Business case

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The purpose of a business case is to capture the reasoning for initiating a project or task. It is often presented in a well-structured written document, but may also sometimes come in the form of a short verbal argumentation. The logic of the business case is that, whenever resources such as money or effort are consumed, they should be in support of the business. An example could be that a software upgrade might improve system performance, but the "business case" is that better performance would improve customer satisfaction.

Business cases can range from comprehensive and highly structured, as required by formal project management methodologies, to informal and brief. Information included in a formal business case could be the background of the project, the expected business benefits, the options considered (with reasons for rejecting or carrying forward each option), the expected costs of the project, a gap analysis and the expected risks. Consideration should also be given to the option of doing nothing including the costs and risks of inactivity. From this information, the justification for the project is derived.

At various stages in the project, the business case should be reviewed to ensure that:

  • The justification is still valid,
  • The project will deliver the solution to the business need.

The result of a review may be the termination or amendment of the project. The business case may also be subject to amendment if the review concludes that the business need has abated or changed, this will have a knock on effect on the project.


[edit] Formal Business Cases

Formal business cases are evaluated to ensure;

  • the investment has value and importance
  • the project will be properly managed
  • the firm has the capability to deliver the benefits
  • the firm’s dedicated resources are working on the highest value opportunities
  • projects with inter-dependencies are undertaken in the optimum sequence.

[edit] Objectives

The Business Case Process should be designed to be:

  • adaptable - tailored to the size and risk of the proposal
  • consistent - the same basic business issues are addressed by every project
  • business oriented - concerned with the business capabilities and impact, rather than having a technical focus
  • comprehensive - includes all factors relevant to a complete evaluation
  • understandable - the contents are clearly relevant, logical and, although demanding, are simple to complete and evaluate
  • measurable - all key aspects can be quantified so their achievement can be tracked and measured
  • transparent - key elements can be justified directly
  • accountable - accountabilities and commitments for the delivery of benefits and management of costs are clear.

The principal purposes of the formal business case process are:

  • introduce a way of thinking that causes people with the authority to recommend projects to firstly consider their value, risk and relative priority as a fundamental element of submitting the project proposal
  • require those proposing a project to justify its value to the firm and to self-cull any proposals that are not of demonstrable value
  • enable management to determine if the project proposed is of value to the business and achievable compared to the relative merits of alternative proposals.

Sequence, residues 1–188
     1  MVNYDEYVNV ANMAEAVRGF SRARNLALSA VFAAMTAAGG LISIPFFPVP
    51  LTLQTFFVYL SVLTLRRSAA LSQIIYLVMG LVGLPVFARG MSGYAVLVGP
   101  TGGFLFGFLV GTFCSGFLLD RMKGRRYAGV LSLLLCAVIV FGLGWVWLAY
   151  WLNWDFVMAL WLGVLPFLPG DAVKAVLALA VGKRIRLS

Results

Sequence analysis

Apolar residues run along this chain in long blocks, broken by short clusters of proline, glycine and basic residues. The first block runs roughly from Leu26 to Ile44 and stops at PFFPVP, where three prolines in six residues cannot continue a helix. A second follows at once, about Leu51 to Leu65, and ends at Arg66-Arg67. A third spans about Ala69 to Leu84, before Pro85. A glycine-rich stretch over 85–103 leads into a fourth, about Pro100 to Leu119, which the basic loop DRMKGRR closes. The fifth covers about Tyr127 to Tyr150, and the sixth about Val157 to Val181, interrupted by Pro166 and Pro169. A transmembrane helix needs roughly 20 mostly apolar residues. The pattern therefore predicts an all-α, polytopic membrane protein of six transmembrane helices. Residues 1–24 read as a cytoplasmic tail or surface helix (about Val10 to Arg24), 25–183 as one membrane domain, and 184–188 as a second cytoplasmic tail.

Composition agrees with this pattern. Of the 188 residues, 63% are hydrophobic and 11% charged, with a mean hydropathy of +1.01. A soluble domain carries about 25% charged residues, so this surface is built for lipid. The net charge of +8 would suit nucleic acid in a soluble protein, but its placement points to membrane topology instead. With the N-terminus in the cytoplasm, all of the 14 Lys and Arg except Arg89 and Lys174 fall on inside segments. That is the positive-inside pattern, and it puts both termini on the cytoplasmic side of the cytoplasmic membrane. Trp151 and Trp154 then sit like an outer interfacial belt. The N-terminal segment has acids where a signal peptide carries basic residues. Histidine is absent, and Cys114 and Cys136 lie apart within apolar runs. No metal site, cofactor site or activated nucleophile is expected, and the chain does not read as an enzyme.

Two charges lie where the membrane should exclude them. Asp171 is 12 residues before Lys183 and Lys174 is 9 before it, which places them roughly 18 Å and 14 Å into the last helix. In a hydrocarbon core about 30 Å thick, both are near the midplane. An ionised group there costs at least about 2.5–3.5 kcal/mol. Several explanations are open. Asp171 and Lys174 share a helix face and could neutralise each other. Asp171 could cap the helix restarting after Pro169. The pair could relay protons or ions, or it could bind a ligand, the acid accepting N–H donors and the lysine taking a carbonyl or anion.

• enable management to objectively measure the subsequent achievement of the business case’s benefits.

[edit] Generating a business case

Generation of the Business Case should not be mechanical. Indeed, the case must demonstrate that: the issues have been thought through, the full benefits will be realised on time, any technical aspects have been thoroughly evaluated and costed, and track and measure their achievement.

(For any IT project it is unlikely that any significant proposal would be submitted to the Executive Management Team for approval without both the business sponsor and the head of IT agreeing on the merit of the proposal.)

A business case should contain some or all of the following information types (depending on the size, timing, scale and availability of information):

  • Reference - Project name/reference, Origins/background/current state
  • Context - Business objectives/opportunities, Business strategic alignment (priority)
  • Value Proposition - Desired business outcomes, Outcomes roadmap, Business benefits (by outcome), Quantified benefits value, Costs/ROI Financial scenarios, Risks/costs of not proceeding, Project risks (to project, benefits and business)
  • Focus - Problem/solution scope, Assumptions/constraints, Options identified/evaluated, Size, scale and complexity assessment
  • Deliverables - Outcomes, deliverables and benefits planned, Organizational areas impacted (internally and externally), Key stakeholders, Dependencies
  • Workload - Approach, Phase/stage definitions (Project (change) activities, Technical delivery activities, Workload estimate/breakdown, Project plan and schedule, Critical path)
  • Required resources - Project leadership team, Project governance team, Team resources, Funding
  • Commitments (required) - Project controls, Reporting processes, Deliverables schedule, Financial budget/schedule

[edit] See also

[edit] External links

[edit] References

  1. Practical Prince2 by Colin Bentley (The Stationery Office), ISBN 0-11-702853-3.
  2. Description of BusinessCase on ProjectPerformance
  3. OGC Guidance and templates on 'Business Case'

Extracted with permission from The Complete Value Engineering Program [1]

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